“For me, it was the difference between living in blackness or living in the light…”
Reader Liz Breen tells us how she coped with the anxiety that came with menopause.
On October 5 last year, I started what was to be my last period. It was three days before my 46th birthday.
My name is Liz, and here is my story.
When I was 41, I began to feel different. I can’t pinpoint exactly how, except that the world became, for me, a much more hostile place. I was fearful and worried constantly. I was, in short, no longer me.
At this time in my life, as a mother of three, I was always busy, tired and, having had my youngest child two days before my 39th birthday, I was still pushing a buggy and potty-training a toddler. Life had been tough during those years. I’d had a traumatic emergency C-section when giving birth to my youngest child, and my dad had died. I put my increasing anxiety down to life’s stresses.
A year after the anxiety began, I went to my GP. I turned down the offer of antidepressants as I felt they weren’t for me. I underwent a course of CBT, which helped, and I felt better for a while. I’d learnt coping strategies for the palpitations and sense of free-floating dread.
But last year, the anxiety returned with a vengeance. I’d had my Mirena coil taken out in January. Ironically, I decided I’d like a few years without artificial hormones in my body in case I needed to do HRT once the menopause arrived (as I imagined it, sometime in my early fifties). I was totally unaware that I was firmly on the path to menopause already, and had been for some years.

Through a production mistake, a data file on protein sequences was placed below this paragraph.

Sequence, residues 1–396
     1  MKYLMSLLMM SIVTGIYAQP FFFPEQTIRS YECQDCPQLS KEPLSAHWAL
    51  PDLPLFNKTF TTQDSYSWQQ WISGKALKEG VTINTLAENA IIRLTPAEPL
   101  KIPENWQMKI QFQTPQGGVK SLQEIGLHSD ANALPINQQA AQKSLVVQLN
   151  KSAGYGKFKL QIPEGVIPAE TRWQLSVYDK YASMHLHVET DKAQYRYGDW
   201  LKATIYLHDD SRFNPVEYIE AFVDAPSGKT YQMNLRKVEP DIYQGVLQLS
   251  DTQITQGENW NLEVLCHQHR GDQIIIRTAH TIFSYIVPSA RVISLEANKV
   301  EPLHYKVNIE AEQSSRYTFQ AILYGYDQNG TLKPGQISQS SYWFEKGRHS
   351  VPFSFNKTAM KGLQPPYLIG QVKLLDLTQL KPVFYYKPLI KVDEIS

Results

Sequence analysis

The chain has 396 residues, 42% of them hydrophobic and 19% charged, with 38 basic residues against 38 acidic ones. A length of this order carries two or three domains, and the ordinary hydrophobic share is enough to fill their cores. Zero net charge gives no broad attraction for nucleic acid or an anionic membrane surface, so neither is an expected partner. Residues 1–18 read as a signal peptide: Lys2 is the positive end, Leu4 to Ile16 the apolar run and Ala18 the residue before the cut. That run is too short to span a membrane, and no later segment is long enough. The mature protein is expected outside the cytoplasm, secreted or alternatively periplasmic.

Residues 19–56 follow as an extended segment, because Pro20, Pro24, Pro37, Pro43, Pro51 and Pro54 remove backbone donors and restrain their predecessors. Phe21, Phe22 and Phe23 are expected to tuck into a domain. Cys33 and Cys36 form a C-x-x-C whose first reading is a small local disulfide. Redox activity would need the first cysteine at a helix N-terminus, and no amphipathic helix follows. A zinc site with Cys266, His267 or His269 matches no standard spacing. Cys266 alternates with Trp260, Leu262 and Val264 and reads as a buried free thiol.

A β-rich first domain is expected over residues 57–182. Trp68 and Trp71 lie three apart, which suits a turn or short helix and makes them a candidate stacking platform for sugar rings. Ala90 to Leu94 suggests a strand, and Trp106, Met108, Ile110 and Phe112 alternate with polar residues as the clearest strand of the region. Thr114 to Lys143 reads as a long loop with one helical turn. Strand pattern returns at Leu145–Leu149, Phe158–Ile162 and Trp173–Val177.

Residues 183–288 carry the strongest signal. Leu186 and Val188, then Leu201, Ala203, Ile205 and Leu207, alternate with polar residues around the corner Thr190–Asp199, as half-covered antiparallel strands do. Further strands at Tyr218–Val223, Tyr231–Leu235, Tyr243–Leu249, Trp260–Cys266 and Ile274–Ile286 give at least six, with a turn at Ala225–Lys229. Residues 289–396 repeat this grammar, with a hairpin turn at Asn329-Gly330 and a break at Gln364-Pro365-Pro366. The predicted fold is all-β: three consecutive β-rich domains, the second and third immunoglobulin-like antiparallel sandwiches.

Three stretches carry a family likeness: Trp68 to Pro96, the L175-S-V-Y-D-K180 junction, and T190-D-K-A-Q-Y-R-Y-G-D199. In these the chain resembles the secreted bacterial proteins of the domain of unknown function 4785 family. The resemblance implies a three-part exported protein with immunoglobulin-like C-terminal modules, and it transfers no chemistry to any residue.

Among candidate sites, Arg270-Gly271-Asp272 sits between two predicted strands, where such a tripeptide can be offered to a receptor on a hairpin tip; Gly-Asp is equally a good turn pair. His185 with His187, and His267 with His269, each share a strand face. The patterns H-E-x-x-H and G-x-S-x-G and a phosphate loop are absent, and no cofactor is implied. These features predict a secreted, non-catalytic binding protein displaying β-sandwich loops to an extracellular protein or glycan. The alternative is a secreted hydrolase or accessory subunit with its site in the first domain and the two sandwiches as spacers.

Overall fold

I experienced my first hot flush at a comedy gig. I’ll never forget the heat rising up my chest and face, overwhelming me. This was a month after my last period. Next, I had a stomach ulcer. Then, the running I had enjoyed for years became difficult. All my joints ached.
The anxiety was made worse by insomnia. By last Christmas, my life was fear. I dreaded bedtime as I knew I wouldn’t be able to sleep. I’d lie awake consumed by dark, irrational thoughts. I was convinced that I was losing my mind.
In January, I went back to my GP and said: “I think I’m going through the menopause.”
I had blood tests and spoke at length about the range of symptoms I had experienced. There are 34, and I was able to identify with far too many of them.
My sister, Elle, had gone through menopause at 39. I had seen her suffer from severe and uncharacteristic anxiety. She was put on HRT by her doctor and thrived, so I was hopeful there was help for me, too.
I decided to consult a specialist after the blood tests confirmed that I was in menopause. She immediately prescribed HRT. I went back to my GP with the prescription and got what I needed dispensed on the NHS. I use two pumps of Oestrogel daily, and I take two progesterone capsules for 12 days of the month.
One thing the specialist told me was that at my age I was in danger of osteoporosis and heart disease from lack of oestrogen. I was reassured that I was only putting back into my body what it naturally lacked. For me, it was the difference between living in blackness or living in the light.
What struck me when my menopause was confirmed was how little I understood about it. I had no idea about the 34 symptoms, and I didn’t know that anxiety can blight the lives of so many menopausal women. Despite having watched my sister go through an anxiety-ridden premature menopause, I still didn’t truly link anxiety to hormones. I was relieved when the anxiety I had suffered since the age of 41 was finally explained.
By February this year, it’s no exaggeration to say I felt euphoric. The balance I regained once the anxiety ebbed away, and the other menopause symptoms were alleviated, brought me back to the version of myself I had so missed. I feel free and happy now. I am confident again, and am striving for new goals.
The menopause has brought its gifts, too. I no longer say “Yes” out of a sense of guilt or duty. I make life choices based on what I want. I’m trying to live my best life and I’ve embraced my menopause. To quote one of my favourite singers, Dolly Parton: “The way I see it, if you want the rainbow, you gotta put up with the rain.”